Well, nowadays we'd call it Depression and try to help them, instead of stigmatizing them as a sinner but that's beyond the point.Technically, even in "the old days," the teachings of most faiths exhort people to hate the sin, not the sinner. In fact, you were supposed to try to help the sinner, much as you would intervene with an alcoholic, drug addict, or other self-destructive behavior. Ancient peoples weren't that much less enlightened on these subjects than we are. Even if there were those who were more inclined to feel superior about themselves by looking down their noses at "sinners," much as there are people who will do the same for societal sinning today.

Grim Portent
2017-03-17, 02:19 PM
Decided to look at other moral systems from real life to get a few more suggestions.

In Buddhist teachings apparently the rough equivalent of the Christian virtues, or at least that's what the 10 perfections seem to be, include determination, serenity, insight and renunciation, the latter of which seems to overlap with chastity and temperance, but could probably be considered to be ascetism in general if I'm reading it right.

2017-03-17, 02:28 PM
Here is Terry Pratchett on sin, by way of Granny Weatherwax:

It's from Kant's categorical imperative. You must always treat people as ends in themselves, not merely means.

2017-03-17, 04:14 PM
You could try dividing the classic ones. For example:

* Envy
- Jealousy
- Malice

* Gluttony
- Intoxication
- Wastefulness

* Greed
- Fraud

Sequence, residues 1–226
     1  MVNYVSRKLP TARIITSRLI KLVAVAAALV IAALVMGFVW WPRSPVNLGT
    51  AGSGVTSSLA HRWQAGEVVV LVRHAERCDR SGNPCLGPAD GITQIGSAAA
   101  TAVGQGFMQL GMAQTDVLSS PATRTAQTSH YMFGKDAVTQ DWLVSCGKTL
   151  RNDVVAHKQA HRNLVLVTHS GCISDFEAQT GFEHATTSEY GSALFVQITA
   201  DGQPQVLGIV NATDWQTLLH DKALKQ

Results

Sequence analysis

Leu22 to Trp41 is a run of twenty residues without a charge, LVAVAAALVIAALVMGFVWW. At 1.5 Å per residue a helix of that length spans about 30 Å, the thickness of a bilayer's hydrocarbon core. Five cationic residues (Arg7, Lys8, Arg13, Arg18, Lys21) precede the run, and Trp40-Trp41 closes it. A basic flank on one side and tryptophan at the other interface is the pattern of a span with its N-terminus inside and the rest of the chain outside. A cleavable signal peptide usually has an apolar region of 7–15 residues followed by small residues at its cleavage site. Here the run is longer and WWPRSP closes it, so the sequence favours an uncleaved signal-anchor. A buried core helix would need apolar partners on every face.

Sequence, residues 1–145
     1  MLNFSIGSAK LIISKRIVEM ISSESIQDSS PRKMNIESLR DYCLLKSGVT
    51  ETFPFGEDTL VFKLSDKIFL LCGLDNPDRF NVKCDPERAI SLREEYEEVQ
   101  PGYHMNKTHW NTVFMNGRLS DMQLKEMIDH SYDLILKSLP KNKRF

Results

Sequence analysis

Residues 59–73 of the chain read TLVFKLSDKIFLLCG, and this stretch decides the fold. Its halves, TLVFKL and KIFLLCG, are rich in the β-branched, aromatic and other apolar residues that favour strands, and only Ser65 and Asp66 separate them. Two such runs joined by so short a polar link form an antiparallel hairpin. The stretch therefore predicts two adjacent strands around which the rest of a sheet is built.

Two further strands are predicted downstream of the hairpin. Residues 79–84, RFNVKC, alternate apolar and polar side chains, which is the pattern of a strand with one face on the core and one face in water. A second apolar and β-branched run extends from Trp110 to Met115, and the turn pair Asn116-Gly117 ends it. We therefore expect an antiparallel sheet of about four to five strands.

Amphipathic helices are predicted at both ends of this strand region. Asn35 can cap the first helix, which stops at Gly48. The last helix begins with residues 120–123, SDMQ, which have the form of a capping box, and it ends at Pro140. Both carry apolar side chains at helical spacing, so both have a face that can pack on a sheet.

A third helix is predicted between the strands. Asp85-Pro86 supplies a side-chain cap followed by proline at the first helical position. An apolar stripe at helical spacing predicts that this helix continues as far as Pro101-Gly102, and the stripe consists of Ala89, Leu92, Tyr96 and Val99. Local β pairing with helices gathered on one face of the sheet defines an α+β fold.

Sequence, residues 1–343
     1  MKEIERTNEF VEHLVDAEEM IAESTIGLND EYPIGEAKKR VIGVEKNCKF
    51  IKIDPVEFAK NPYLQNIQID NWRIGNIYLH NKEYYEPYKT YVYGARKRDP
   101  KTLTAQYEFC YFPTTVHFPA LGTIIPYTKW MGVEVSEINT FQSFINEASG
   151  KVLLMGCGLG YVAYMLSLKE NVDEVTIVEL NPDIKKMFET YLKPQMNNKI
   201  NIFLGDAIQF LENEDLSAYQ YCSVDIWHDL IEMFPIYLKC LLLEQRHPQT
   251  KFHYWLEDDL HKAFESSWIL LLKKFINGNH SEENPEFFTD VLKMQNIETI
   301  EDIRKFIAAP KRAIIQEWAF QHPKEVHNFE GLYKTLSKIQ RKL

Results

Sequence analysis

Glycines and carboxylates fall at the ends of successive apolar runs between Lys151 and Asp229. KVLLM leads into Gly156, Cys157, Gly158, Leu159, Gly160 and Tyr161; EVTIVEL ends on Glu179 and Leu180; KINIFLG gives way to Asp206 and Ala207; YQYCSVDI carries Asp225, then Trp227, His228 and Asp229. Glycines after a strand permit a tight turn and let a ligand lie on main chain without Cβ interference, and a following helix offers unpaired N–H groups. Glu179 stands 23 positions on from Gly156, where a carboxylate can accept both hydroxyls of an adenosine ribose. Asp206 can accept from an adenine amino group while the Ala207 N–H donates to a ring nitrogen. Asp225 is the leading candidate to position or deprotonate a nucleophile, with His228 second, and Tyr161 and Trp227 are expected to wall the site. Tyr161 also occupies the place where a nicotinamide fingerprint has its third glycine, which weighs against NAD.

- Hoarding

* Lust
- Abuse
- Infidelity

* Pride
- Contempt
- Vainglory

* Sloth
- Indifference
- Resignation

* Wrath
- Vengeance
- Violence

Gideon Falcon
2017-03-21, 04:23 AM
Here is Terry Pratchett on sin, by way of Granny Weatherwax:

That is a stellar way of putting it- when you get down to it, every vice is a manifestation of pride- the pride that can be best described as either that objectification of people or, as I've come to think of it, the obsessive fear that only one person in the world can have any worth, and that it isn't you. Pride turns everything into an unhealthy competition, because if you're behind in any way, Pride tells you you're worthless; as Pratchett would say, because you see yourself as an object instead of a person.
So, when it comes to delineating vices and virtues to base a cosmology around, maybe go for Pride and Enmity as the center point for vice, and Love and Humility as the center of the virtues. Think of ways that people manifest those aspects- often in ways that are mirrored on the other side, such as steadfastness vs obstinacy. As the above diagram illustrates, too much focus on the outward form of a virtue can be just as bad as the complete negligence of it- reality is horseshoe shaped that way. So, think in terms of facets, mirrors, and spectrums, and you should be able to start making a good framework.

2017-03-21, 12:19 PM